Sandy Cook developed this course as a labor of love in trying to help other parents understand and navigate the special education world, particularly IEP meetings. She remembers how clueless she felt at her first several IEP meetings, the fact that she did not know her child’s rights, and later found out her child’s IEP was inadequate with vague or unmeasurable goals.
When Sandy’s oldest son began elementary school, it was clear that he was struggling with language-based learning issues and was eventually identified as having dyslexia. Through attempts to gain appropriate educational services from the local school system, Sandy learned how difficult acquiring appropriate instruction can be. When school administrators refused to provide appropriate reading services to the Cooks’ son, Sandy and her husband filed a due process lawsuit to gain Orton-Gillingham-based reading services. The outcome was favorable when the school system settled the matter two days before the court date.
In retrospect, Sandy believes many of the clashes between parents and public schools stem from lack of training for both parents and school personnel, and the child becomes a victim of ignorance. Direct training in schools and universities must be implemented to insure teachers and administrators understand children with disabilities and to be sure schools honor parental and child rights. Parents need training to understand their child’s needs and rights.
Sandy is a graduate of the Georgia Advocacy Office’s Parent Support Leadership Project, a training program which teaches parents to be special education advocates. She has attended her own son’s IEP meetings as well as IEP meetings with other individuals, thus she is familiar with the variety of ways IEP meetings can play out. Sandy teaches parents how to advocate for appropriate educational services.
After spending many years battling with the public school systems in her area, it became evident to Sandy that the most efficient way to meet a child’s educational needs is for parents to take matters into their own hands. Sandy began homeschooling her own boys and had great success doing so. You can read the Cooks’ story at Overcoming Learning Disabilities through Homeschooling. Sandy now consults with families who are homeschooling or wish to school at home to design learning programs that will adequately meet the educational needs of the child.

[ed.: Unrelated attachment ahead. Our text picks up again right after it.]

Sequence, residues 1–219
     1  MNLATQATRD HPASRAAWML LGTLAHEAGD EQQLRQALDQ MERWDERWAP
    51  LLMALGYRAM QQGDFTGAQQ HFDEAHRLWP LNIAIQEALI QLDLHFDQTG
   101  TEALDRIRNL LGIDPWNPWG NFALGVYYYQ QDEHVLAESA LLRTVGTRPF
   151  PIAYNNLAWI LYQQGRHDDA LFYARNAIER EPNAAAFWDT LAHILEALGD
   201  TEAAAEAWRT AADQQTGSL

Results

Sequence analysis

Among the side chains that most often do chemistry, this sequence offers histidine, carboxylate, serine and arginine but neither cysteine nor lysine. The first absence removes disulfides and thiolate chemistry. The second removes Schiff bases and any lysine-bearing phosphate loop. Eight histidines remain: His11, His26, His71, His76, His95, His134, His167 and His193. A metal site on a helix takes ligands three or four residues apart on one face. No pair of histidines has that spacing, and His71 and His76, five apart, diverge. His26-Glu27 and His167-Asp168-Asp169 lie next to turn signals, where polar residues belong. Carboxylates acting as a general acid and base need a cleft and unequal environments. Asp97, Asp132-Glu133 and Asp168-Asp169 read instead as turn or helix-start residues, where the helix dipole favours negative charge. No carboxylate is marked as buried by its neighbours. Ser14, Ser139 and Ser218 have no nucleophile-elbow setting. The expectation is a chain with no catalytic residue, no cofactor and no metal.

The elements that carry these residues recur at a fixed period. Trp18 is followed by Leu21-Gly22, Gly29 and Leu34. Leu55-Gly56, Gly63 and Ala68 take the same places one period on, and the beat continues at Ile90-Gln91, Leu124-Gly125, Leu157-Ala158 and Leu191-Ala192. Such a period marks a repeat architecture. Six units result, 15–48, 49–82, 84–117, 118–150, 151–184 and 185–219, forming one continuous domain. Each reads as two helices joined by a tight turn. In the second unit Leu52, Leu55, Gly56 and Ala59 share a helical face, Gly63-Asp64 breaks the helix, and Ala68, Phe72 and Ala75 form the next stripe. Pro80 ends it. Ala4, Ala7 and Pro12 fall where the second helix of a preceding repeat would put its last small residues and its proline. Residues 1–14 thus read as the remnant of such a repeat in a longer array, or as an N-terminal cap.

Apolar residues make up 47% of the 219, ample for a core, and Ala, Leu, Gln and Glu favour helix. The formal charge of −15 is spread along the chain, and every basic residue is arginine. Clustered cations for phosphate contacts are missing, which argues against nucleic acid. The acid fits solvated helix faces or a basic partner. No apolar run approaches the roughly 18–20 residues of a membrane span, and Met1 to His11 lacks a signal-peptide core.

As her primary interest, Sandy shows parents how to provide an appropriate education through homeschooling to children with learning disabilities. Sandy graduated Summa Cum Laude from Emporia State University with a Master’s Degree in Instructional Design and Technology, where she focused on Universal Design for Learning and Learning Styles. With Sandy’s boys having unique learning needs, as well as running the Learning Abled Kids’ Support Group with more than 1500 homeschooling parents, she has a wide variety of knowledge about how to effectively help kids learn.
Visit the Georgia Advocacy Office’s Website to learn more about protection and advocacy efforts taking place on behalf of disabled and mentally ill individuals. You might find the U.S. Department of Education’s Office for Civil Rights site interesting as they are charged with protecting students with disabilities against discrimination too.